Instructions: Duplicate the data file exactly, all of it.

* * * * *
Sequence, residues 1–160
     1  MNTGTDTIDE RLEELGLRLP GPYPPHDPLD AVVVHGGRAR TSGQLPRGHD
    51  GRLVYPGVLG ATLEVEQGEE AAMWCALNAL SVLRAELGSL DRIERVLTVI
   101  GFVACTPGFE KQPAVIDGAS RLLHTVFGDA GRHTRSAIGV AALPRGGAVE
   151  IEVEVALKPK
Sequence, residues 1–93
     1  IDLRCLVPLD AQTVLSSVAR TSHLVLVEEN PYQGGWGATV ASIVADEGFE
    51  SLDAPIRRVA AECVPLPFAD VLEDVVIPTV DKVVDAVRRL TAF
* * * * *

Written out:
Sequence, residues 1–160
     1  MNTGTDTIDE RLEELGLRLP GPYPPHDPLD AVVVHGGRAR TSGQLPRGHD
    51  GRLVYPGVLG ATLEVEQGEE AAMWCALNAL SVLRAELGSL DRIERVLTVI
   101  GFVACTPGFE KQPAVIDGAS RLLHTVFGDA GRHTRSAIGV AALPRGGAVE
   151  IEVEVALKPK
Sequence, residues 1–93
     1  IDLRCLVPLD AQTVLSSVAR TSHLVLVEEN PYQGGWGATV ASIVADEGFE
    51  SLDAPIRRVA AECVPLPFAD VLEDVVIPTV DKVVDAVRRL TAF